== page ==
The Main Ingredient (with Cuba Gooding's father)
Everybody Plays The Fool (5/1/16 link repaired)
Just Don't Want To Be Lonely
Used To Be My Girl
The Dramatics (10/25/15 link repaired)
In The Rain
The Undisputed Truth
Smiling Faces Sometimes (Ain't this the truth) 12/17/13 link repaired
Have You Seen Her ((11/16/13 link repaired)
Oh Girl (11/16/13 link repaired)
The Four Tops
When She Was My Girl
Ask The Lonely
One of their best.
I'll Be There
Could It Be I'm Falling In Love
It's A Shame
Harold Melvin And The Blue Notes
The Love I Lost
Another beautiful song from this period and from one of the best.
If You Don't Know Me By Now
Hey There Lonely Girl
The Isley Brothers
Living For The Love Of You
And, a little further back...
The Five Satins
In The Still Of The Night
It's All In The Game
The Angels Sang
Since I Don't Have You
This I Swear
I Only Have Eyes For You
One of the finest soul groups of the period...
The "Mighty" Dells
Stay In My Corner
Bobby Rogers, founder of The Miracles, dies
March 3, 2013, 4:03 PM EST
SOUTHFIELD, Mich. (AP) — Bobby Rogers, a founding member of Motown group The Miracles and a songwriting collaborator with Smokey Robinson, died Sunday at his suburban Detroit home. He was 73.
Motown Museum board member Allen Rawls said Rogers died about 6 a.m. in Southfield. Rogers had been ill for several years.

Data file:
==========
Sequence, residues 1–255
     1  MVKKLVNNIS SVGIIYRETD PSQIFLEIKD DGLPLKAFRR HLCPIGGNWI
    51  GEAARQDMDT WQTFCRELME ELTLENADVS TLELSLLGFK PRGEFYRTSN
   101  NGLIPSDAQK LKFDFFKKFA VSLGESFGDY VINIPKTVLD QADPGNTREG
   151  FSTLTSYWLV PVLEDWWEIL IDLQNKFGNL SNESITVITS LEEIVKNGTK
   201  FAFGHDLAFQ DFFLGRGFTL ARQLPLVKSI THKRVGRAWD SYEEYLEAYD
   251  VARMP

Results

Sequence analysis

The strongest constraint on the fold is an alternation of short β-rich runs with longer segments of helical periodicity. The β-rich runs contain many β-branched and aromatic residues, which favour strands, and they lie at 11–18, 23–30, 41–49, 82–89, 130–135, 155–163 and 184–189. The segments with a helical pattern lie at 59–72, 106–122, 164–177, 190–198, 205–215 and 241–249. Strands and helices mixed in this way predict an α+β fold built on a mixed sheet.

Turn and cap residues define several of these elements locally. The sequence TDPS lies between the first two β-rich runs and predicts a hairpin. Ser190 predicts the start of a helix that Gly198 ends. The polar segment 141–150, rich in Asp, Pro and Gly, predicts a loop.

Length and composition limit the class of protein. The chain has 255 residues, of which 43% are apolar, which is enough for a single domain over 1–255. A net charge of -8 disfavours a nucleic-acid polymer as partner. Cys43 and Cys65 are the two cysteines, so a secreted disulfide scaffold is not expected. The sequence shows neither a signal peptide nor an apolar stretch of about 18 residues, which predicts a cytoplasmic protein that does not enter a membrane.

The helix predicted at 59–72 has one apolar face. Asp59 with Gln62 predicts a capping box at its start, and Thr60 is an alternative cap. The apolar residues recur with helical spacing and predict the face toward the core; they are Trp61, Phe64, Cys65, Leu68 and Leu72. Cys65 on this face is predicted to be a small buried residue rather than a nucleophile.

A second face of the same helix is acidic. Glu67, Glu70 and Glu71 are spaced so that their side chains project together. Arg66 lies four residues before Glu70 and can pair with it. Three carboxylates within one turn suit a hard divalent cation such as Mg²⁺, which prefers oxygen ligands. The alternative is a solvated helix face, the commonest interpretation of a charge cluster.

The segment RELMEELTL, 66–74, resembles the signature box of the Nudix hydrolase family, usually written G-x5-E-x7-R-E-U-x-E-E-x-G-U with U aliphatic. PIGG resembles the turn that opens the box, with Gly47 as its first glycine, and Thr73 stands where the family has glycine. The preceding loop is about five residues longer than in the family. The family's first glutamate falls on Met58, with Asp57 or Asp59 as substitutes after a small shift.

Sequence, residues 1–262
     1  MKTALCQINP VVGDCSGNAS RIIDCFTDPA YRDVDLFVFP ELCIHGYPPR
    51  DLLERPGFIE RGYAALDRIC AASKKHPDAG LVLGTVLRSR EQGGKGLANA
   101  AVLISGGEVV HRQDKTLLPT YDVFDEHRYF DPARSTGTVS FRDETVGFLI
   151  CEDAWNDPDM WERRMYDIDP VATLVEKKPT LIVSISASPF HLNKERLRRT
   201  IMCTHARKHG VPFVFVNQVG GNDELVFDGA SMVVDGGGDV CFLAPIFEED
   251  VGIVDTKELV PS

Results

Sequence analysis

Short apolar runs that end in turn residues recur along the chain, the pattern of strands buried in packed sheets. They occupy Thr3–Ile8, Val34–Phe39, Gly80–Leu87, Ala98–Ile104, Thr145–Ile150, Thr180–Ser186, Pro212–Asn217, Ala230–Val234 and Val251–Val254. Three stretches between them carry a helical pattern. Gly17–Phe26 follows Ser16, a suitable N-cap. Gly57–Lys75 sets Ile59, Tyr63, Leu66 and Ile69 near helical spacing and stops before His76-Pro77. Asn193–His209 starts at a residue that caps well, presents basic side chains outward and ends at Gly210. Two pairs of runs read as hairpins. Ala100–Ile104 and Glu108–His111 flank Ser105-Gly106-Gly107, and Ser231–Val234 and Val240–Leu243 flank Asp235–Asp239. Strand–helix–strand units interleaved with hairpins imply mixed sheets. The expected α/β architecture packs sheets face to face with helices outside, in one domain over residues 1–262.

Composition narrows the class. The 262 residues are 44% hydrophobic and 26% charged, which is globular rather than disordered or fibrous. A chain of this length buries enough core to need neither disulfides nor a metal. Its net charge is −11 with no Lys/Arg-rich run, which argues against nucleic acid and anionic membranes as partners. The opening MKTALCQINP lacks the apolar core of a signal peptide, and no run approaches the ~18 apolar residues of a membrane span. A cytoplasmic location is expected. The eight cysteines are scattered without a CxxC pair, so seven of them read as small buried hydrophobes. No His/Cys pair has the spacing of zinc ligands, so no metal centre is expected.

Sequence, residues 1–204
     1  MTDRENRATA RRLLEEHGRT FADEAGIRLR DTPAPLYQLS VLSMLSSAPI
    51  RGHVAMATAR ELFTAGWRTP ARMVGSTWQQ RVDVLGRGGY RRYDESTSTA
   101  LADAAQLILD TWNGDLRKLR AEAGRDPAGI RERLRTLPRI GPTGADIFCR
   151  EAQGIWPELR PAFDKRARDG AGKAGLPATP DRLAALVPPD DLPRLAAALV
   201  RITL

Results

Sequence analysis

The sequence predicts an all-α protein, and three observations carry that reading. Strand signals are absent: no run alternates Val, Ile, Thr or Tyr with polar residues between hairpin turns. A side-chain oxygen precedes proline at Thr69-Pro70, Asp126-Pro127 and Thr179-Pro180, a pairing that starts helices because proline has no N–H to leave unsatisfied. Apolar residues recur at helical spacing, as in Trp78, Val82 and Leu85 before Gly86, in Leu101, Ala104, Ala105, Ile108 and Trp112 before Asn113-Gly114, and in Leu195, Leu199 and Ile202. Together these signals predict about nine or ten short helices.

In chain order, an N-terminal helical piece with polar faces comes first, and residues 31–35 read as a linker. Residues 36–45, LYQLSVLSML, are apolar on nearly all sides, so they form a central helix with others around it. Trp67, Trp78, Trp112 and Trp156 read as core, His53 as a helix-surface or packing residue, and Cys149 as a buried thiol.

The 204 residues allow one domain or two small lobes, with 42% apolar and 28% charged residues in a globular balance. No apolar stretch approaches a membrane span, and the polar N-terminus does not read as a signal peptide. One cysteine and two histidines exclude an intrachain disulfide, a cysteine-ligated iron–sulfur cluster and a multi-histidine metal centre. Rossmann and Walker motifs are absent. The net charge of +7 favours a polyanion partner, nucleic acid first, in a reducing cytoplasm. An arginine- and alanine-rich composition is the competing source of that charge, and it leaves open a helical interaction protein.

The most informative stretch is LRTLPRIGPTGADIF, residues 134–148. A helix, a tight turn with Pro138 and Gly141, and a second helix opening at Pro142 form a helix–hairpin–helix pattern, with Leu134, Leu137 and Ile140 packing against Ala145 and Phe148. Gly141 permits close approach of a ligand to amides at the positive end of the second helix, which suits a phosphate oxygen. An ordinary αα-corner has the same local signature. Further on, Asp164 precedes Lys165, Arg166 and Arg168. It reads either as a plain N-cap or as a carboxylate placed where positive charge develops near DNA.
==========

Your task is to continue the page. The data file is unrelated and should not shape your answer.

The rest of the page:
Rogers formed the group in 1956 with cousin Claudette Rogers, Pete Moore, Ronnie White and Robinson. Their hits included "Shop Around," ''You've Really Got a Hold on Me," ''The Tracks of My Tears," ''Going to a Go-Go," ''I Second That Emotion" and "The Tears of a Clown."
"He had the sparkling personality that was loved by everyone," Claudette Robinson told the Detroit Free Press. "People always commented on the tall one with the glasses. He was personable, approachable and he loved talking to the women, loved talking to the guys, loved to dance, loved to sing, loved to perform. That was the joy of his life."
His voice can be heard on Marvin Gaye's "What's Going On," with Rogers saying, "It's just a groovy party, man, I can dig it." Mary Wilson of the Supremes said that captured his essence.
"If people want to remember him, they should put that record on and listen to Bobby," Wilson told the newspaper. "That's who he was."
Rogers and The Miracles were inducted into the Rock and Roll Hall of Fame in 2012. He was too ill to attend the ceremony.
He shared songwriting credits with Robinson on The Temptations' "The Way You Do the Things You Do," The Contours' "First I Look at the Purse" and The Miracles' "Going to a Go-Go."
The Miracles made a lot of great music. Here is Daryl Hall with
Tears Of A Clown
Bobby Womack is gone today.
Nobody Wants You When You're Down And Out
These three musicians are stars in American music. Here, they compete with each other in a demonstration of their styles.
Steve Gadd plays in many of the posts in this thread.
Dave Weichel, Vinnie Colaiuta and Steve Gadd.
This is a beautiful tune performed by a superb band with Vinnie on drums. Watch for the musician who plays two instruments at once. This is a must-see in a room with perfect lighting, an attentive audience and interesting music.